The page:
By Mieke Prent
This quantity files the advance of Cretan sanctuaries and linked cults from the top of the overdue Bronze Age into the Archaic interval (c.1200–600 BC). The ebook offers up to date website catalogues and discusses routine forms of sanctuaries, the heritage in their use and their spiritual and social features, delivering new insights into the interval as an entire. historical Crete is named an island whose faith screens a powerful continuity with ‘Minoan’ traditions. The interval of 1200–600 BC as a rule, notwithstanding, is taken into account as certainly one of profound socio-political and cultural switch. This research explores the assumption of ‘continuity’ by way of detailing the several methods and mechanisms keen on the upkeep of older cult traditions and offers stability via putting the saw adjustments in cult customs and using sanctuaries within the broader context of societal swap.
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Extra info for Cretan Sanctuaries and Cults: Continuity and Change from Late Minoan IIIC to the Archaic Period (Religions in the Graeco-Roman World)
1 A more practical reason for the delayed discovery of Crete is to be sought in the unfavourable conditions for travelling: the island was 1 Disappointment was, for instance, voiced by the French scholar G. Perrot in the middle of the 19th century, when he saw that so little was left to see of Knossos; see Farnoux 1996, 17-18. On the Venetian walls of Candia: Detorakis 1994, 23536, fig. 15. 38 chapter two known for its lack of accommodation, bad and unsafe roads and for its unstable political situation.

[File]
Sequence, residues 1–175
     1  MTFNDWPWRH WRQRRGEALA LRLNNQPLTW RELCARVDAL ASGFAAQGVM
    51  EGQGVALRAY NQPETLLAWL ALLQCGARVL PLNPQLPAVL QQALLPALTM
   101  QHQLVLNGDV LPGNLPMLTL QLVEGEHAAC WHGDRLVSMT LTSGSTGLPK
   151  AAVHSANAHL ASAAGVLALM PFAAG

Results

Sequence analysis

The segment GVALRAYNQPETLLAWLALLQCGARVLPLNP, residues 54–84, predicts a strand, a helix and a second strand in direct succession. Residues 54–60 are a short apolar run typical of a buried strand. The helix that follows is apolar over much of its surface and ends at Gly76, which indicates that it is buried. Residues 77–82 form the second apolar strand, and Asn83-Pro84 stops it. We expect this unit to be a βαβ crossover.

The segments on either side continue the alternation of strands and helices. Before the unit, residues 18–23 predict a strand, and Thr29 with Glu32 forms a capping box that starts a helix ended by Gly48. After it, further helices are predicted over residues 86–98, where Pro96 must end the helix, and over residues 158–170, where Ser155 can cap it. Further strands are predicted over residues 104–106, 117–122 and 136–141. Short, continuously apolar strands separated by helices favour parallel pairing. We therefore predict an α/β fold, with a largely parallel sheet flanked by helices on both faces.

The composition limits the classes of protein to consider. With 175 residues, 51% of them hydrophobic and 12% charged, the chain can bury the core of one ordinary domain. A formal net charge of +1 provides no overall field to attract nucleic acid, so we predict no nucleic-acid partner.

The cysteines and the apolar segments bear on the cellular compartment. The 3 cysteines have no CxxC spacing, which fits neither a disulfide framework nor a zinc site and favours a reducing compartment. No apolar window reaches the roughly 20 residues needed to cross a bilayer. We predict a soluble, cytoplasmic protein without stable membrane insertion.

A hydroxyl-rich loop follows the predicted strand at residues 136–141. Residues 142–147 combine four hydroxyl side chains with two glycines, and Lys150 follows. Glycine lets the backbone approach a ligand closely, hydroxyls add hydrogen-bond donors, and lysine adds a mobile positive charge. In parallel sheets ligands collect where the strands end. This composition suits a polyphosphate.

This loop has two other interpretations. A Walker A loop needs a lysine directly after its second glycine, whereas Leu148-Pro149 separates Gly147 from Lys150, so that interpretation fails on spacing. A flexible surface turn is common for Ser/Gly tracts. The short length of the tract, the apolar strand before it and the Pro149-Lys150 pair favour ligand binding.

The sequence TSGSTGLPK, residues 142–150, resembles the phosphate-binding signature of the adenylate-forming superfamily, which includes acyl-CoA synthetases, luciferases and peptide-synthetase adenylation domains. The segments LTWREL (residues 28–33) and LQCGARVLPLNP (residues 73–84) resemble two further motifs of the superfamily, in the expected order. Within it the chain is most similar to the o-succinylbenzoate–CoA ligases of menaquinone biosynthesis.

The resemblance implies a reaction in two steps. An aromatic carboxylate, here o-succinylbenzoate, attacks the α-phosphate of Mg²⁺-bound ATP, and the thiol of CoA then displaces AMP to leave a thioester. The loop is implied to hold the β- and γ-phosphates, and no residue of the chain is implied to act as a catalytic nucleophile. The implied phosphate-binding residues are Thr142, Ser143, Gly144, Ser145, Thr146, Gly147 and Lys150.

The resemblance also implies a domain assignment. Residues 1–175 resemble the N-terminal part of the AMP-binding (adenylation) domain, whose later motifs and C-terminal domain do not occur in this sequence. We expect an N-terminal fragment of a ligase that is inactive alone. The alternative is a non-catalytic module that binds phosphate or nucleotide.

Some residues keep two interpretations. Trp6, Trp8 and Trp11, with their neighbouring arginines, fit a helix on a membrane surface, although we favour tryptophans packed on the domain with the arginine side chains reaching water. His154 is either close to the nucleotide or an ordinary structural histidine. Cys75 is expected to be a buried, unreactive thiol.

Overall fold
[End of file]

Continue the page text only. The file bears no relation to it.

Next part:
148; Od. 346). On the Greek temenos also: Bergquist 1967, esp. 5. g. Edlund 1987, 29, 35-37; Burkert 1985, 86. 72 Renfrew 1985a, 18 (point 2), 19 (correlates 3, 6, 8, 16-18). The more specific forms of sanctuaries cannot be discussed from a cross-cultural angle, as these are determined by the interplay of various factors, from local topography, sociopolitical function (which may explain the degree of elaboration and monumentality), cult requirements (which will, for instance, be very different for public and for mystery cults), to traditional notions on spatial organization.
Classifications of specific forms of sanctuaries can therefore only be attempted for given periods and regions, as has been done, for instance, by Rutkowski (1986) for the Bronze Age, by Gesell (1985) for the urban cult places of Minoan Crete and by Mazarakis Ainian (1997) for those of the Early Iron Age; see also the discussion by Morgan (1999, 299303). 70 19 introduction Archaeological correlates 1) attention focusing temporal religious calendar fixed sequence of events in ritual spatial fixed place see 2) ‘aspects of the liminal zone’ sensory stimulation sight sound smell taste touch chemical darkness/light silence/sound use of scents eat/drink movement, dance lamps, torches, bonfires musical instruments incense burners crockery, spits, etc.